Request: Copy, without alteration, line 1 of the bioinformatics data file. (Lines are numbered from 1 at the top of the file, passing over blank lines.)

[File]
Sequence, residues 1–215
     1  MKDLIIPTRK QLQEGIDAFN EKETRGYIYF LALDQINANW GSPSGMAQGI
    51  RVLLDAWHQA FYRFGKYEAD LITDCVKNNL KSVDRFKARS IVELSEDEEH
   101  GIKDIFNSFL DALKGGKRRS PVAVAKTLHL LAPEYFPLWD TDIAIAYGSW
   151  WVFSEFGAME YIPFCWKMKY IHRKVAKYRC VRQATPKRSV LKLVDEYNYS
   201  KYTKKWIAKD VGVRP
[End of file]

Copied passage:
Sequence, residues 1–215